Eventually it happens to us all: The big dog becomes the little dog, the first become the last, the child becomes a parent, the student becomes the teacher. For me, after 12 years of being a teacher I’ve become a student again. Since January I have been enrolled in full-time language school to learn French so that I can train teachers using French in West Africa. I sit with 12 other students in a tiny classroom four days a week for six hours each day.
Did I mention I sit? Yes, that’s right. And I only talk when I have to.
I raise my hand.
I desperately want my teacher to tell me, “Bien.”
I’m frustrated when she erases something I haven’t been able to write down.
I think about her weird responses and talk about them with my friends after school.
I want my tests back the next day.
I know all her outfits and shoes (really like the blue ones).
I write papers, which are written in cursive, skipping every other line, using white out (no cross outs) and certainly no jagged edges. They get handed back to me covered in red ink with circles and underlines and questions marks indicating that apparently that sentence structure doesn’t communicate much in French.
Needless to say this has been a very humbling year.
…but…oh, so needed.
Rewind a year and a half ago, I was one of those teachers that wanted my students to experience their learning. As you well know, this kind of teaching requires a lot of preparation, but also for me, these creative lessons became an area of pride. I would take it as a personal offence if a child decided not to listen to instructions, be absent, or heaven-forbid, forget his pencil during one of these magnificent lessons. And if this is anything like you, then on behalf of your students, as a student myself, I’d like to say, I’m sorry. I’m sorry I don’t understand. I’m sorry I forgot. I’m sorry I zoned out. I’m sorry…I’m inadequate.
This year has taught me so much about the standards of our world and my inadequacy to attain them. Here in France, the grading system is out of 20. If you score 10 or higher you pass; 15 is good; 20 is out of the question. That means if you have master just 75% of the material you get a sticker. I’m not a “aim for 75%” kind of girl—if perfection is unattainable, what do I aim for? Really, this struggle to reach perfection has been a struggle long before I was in language school. As a teacher I never, NEVER felt finished. There was always more to do or more that could be done. I always felt inadequate.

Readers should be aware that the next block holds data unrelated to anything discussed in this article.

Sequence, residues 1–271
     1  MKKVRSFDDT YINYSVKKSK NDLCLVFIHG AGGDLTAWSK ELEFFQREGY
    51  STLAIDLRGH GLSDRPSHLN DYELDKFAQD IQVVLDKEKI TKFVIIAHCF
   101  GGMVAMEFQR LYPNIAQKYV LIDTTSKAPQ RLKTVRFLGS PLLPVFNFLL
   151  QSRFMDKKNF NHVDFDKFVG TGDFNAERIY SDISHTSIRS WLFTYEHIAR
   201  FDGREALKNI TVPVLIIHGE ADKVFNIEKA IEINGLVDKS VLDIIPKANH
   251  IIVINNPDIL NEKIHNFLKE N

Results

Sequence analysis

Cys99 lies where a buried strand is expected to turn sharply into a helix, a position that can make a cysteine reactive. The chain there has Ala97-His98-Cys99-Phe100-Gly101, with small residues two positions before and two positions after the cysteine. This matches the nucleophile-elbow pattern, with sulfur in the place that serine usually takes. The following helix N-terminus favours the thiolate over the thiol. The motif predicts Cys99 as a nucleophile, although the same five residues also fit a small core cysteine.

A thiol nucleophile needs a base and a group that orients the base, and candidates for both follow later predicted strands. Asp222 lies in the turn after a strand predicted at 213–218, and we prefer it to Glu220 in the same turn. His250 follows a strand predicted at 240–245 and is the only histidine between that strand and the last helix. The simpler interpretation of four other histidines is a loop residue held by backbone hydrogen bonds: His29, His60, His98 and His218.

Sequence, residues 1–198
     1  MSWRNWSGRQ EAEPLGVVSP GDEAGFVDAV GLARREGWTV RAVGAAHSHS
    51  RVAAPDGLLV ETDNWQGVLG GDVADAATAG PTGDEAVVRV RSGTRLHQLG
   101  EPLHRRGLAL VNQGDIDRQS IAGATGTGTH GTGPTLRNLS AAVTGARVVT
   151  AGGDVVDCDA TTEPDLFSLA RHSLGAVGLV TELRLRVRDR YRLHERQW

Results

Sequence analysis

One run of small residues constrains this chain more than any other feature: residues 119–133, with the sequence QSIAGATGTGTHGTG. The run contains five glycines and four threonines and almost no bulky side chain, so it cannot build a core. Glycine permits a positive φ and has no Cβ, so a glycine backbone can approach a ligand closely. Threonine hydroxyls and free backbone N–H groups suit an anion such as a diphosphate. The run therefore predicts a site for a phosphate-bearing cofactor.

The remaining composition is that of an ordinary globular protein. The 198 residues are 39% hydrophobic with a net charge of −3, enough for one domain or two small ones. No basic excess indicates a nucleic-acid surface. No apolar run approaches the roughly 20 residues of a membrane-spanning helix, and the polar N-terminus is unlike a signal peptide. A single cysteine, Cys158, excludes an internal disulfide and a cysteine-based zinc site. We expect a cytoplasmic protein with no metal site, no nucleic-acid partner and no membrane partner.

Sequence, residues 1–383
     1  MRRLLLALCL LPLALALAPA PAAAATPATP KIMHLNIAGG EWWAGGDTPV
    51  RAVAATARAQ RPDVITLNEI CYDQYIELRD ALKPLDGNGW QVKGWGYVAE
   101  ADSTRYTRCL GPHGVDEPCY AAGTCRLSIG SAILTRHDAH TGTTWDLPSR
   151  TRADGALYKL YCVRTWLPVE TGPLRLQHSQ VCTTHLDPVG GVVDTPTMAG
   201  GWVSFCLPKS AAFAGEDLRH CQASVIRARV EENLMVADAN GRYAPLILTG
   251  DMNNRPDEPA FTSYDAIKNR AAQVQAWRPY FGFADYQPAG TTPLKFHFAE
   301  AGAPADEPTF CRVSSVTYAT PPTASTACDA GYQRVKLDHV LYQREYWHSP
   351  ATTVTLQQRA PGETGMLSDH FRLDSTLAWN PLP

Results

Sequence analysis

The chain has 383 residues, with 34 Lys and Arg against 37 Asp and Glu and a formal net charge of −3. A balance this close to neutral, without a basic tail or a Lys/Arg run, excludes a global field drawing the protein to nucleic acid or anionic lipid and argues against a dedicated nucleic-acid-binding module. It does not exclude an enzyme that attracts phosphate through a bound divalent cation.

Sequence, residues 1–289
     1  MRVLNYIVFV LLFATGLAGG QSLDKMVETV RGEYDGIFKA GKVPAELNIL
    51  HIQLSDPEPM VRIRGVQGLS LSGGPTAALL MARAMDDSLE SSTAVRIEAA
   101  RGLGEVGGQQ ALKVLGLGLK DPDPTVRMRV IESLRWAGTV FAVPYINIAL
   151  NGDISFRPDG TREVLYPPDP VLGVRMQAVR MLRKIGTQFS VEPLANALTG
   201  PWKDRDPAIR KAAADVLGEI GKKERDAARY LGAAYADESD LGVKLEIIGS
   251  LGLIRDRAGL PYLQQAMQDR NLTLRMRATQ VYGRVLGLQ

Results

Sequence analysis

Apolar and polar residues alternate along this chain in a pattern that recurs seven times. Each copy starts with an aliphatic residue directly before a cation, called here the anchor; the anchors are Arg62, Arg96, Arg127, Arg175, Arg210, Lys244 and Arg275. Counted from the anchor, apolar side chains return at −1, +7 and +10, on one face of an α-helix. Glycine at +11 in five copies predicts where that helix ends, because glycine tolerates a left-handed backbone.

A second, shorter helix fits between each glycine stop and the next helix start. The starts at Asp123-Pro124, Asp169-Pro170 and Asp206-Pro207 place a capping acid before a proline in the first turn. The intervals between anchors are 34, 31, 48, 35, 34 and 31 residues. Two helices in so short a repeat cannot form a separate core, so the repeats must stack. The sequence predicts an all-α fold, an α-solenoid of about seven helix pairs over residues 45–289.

I know that this article is very different than the typical OnPractice because I have no research, just me: the research subject. But I don’t want to point you to me. I want to point you to Christ. One of the amazing truths about our Savior is that he became one of us. He was both a student and a teacher. As a boy, he asked questions of the teachers of the law and then later he instructed them. Jesus knows exactly what it feels like to be on either side of the coin. He understands. He understands our fatigue, our confusion, our frustration, our limits.
But he also went where no man has gone before. I Corinthians 1 says that he became for us wisdom, righteousness and justice. He become our adequacy. There is such freedom when we don’t need to hide our inadequacy—and frankly, we need to embrace this as part of the gospel. We are inadequate to live out God’s law, but Christ fulfills the law for us and covers our guilt and shame with his perfection. We understand this, but how does this get lived out in our classrooms?
For me, as a student, right now, I must embrace that I don’t know everything. I’m in process. For you, as a teacher right now, embrace that you don’t know and can’t do everything. You, too, are in process. Make room for the gospel of grace to cover you and that kid who forgot his pencil.
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